OpenStreetMap

My Understanding of how OSM data is used to display the map on a PC.

Posted by andy mackey on 30 April 2014 in English (English)

Hi All Some hiking pals and I were talking about openstreetmap and how it works. This is my explanation of how the data is used to make the map. The map is stored first as a big database of co-ordinates or nodes each with a description or tag, strings of them could be a road, path, a village boundary, a coastline. a single node could be a pub or bus stop, several could form a factory outline. These nodes and ways (strings of nodes) and their tags can then be processed or rendered into a map. The map can have different styles so that its shows what is important to the user. for example a walkers map may show a red dotted foot paths and small streams and foot bridges but not street names. a road map will have a smaller scale with readable roads and towns only. The view-able Openstreetmap is also stored as sets of maps or tiles or images at different scales or zoom levels. Zoom 1 shows the whole world as one map or tile. and each click of the + or scroll of the mouse halves the area and increases the numbers of tiles by a factor of four. When we have clicked to Zoom 19 we have a map tile of about 150 meters wide in detail, roads names and house numbers if mapped will then be readable. At zoom 19 there will be quite a lot of tiles (90000000000 of them ), although many map tiles will be of remote areas of ocean and land without anything on. Openstreetmap decided to supply its maps in this way as they can be put on screen faster than calculating and drawing each screen individually. Another advantage is the maps are easy to read. just imagine the zoom one coastline 262144 times wider than on Zoom 1 or Zoom 19 house 262144 times smaller. I hope this explains a bit how the data is used to display a map quickly and clearly. Happy Mapping Andy.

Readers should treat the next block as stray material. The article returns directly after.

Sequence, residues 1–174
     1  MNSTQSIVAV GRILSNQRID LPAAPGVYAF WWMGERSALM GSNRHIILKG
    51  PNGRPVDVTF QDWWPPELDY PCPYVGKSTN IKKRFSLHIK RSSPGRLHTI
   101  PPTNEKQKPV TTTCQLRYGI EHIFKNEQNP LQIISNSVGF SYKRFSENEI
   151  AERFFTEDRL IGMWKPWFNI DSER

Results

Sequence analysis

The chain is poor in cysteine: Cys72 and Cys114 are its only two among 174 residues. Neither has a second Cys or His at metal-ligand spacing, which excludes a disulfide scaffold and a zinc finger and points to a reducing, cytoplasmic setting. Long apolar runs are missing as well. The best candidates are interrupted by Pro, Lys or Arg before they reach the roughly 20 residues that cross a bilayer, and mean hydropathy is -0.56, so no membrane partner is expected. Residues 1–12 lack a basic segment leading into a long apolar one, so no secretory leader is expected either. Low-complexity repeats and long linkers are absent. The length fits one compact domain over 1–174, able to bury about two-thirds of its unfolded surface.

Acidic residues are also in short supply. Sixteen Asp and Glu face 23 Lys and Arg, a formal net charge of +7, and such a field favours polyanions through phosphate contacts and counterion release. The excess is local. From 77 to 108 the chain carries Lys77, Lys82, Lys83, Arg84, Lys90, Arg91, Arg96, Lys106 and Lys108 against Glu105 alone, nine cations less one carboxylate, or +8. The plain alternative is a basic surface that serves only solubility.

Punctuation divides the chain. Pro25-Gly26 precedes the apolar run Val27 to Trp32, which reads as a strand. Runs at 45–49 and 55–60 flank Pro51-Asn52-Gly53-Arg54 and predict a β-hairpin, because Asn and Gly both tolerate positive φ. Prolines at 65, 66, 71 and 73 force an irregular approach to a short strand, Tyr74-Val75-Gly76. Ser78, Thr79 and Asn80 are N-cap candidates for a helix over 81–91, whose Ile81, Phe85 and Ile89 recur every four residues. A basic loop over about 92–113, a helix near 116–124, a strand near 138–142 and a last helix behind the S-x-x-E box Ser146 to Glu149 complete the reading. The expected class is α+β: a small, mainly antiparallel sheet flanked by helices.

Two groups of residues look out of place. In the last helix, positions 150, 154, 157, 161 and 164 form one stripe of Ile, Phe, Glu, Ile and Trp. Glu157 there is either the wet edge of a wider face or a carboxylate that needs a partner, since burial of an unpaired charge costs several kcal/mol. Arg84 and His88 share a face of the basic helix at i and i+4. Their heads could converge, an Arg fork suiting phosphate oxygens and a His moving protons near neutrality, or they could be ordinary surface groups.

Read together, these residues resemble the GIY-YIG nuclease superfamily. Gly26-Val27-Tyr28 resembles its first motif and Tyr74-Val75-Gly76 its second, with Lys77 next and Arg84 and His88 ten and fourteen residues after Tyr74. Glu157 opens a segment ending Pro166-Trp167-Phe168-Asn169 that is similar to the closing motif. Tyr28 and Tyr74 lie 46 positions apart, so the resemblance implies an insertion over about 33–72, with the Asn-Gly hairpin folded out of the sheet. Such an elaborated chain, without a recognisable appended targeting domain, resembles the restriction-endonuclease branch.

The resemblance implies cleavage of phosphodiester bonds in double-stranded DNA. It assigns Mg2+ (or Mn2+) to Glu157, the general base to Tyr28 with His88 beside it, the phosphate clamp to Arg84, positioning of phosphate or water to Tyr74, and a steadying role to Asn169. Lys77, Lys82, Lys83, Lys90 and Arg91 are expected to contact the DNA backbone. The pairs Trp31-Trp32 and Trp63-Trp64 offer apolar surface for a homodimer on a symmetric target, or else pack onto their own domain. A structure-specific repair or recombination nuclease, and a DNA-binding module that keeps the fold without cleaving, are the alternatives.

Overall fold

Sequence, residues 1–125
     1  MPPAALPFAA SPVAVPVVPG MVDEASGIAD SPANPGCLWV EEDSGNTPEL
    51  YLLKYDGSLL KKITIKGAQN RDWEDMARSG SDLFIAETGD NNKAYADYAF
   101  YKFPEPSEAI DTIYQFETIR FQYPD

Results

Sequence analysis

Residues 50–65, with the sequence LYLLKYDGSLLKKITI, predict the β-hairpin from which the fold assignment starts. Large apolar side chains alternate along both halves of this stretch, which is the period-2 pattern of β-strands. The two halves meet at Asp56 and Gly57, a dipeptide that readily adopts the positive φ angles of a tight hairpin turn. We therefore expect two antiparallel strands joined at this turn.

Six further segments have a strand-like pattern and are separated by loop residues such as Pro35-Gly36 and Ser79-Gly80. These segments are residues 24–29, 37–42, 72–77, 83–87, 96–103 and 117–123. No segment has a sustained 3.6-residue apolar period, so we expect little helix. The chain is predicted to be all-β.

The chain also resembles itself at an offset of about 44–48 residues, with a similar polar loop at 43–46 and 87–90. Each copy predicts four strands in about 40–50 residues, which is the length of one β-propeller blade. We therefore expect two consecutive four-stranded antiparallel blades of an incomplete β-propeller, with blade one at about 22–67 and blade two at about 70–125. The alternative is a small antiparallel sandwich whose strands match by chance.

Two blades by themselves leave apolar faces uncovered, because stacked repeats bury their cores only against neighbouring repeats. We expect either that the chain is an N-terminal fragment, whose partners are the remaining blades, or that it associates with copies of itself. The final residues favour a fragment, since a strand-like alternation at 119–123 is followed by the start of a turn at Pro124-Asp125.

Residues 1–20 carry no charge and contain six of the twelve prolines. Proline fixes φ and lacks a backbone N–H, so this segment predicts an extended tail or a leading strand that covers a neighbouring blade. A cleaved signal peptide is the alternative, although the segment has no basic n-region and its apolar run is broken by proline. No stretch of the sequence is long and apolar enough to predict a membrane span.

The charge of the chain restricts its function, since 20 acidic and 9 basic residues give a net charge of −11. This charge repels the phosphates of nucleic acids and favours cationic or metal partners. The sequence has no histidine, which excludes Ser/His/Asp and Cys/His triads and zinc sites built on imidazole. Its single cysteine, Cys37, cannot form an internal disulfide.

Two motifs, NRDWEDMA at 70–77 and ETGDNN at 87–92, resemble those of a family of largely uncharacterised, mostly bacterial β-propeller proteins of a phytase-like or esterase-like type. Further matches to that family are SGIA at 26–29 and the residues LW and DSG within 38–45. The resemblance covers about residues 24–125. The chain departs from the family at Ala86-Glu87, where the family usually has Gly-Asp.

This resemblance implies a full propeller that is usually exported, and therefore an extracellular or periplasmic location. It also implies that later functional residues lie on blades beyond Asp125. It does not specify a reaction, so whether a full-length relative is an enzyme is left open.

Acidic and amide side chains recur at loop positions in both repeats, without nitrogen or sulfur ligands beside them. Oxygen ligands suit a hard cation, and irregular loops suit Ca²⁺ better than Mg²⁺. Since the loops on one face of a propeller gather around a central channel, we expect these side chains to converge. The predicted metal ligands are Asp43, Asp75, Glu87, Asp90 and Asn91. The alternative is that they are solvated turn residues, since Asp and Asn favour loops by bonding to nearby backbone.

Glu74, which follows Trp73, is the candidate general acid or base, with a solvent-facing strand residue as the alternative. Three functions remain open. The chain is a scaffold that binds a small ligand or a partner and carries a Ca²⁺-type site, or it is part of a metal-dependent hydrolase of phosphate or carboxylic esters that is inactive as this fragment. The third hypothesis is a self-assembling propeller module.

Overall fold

Comment from RobJN on 30 April 2014 at 18:30

Openstreetmap decided to supply its maps in this way as they can be put on screen faster than calculating and drawing each screen individually.

That may change at some point in the future with the introduction of something called "Vector tiles" but acknowledging that would just over complicate your basic description without adding much to it.

Rob

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Comment from Harry Wood on 1 May 2014 at 15:05

The Slippy Map wiki page does a reasonable job of explaining some of this too. I've also covered in some slide decks e.g. my My OpenTech 2011 talk has some noddy slides like this: tile serving

You said at zoom 19 there will be quite a lot of tiles 90000000000 of them, indeed that's a lot of tiles, and in fact the way a lot of tile servers are set-up, they do not store all these files pre-rendered. It's an interesting curiosity of tile serving, that you might expect there to be lesser visited areas of the map, but in fact that's an understatement. When it comes to higher zoom levels the vast majority of the surface of the earth is of so little interest, that nobody ever zooms in to look at it. Less than 1% of zoom level 18 tiles are ever looked at. Taking that into account, and also to cope with changing data from OpenStreetMap, OSM tile servers are often set-up to do a combination of serving cached files, and queuing up requests for "on-the-fly" rendering.

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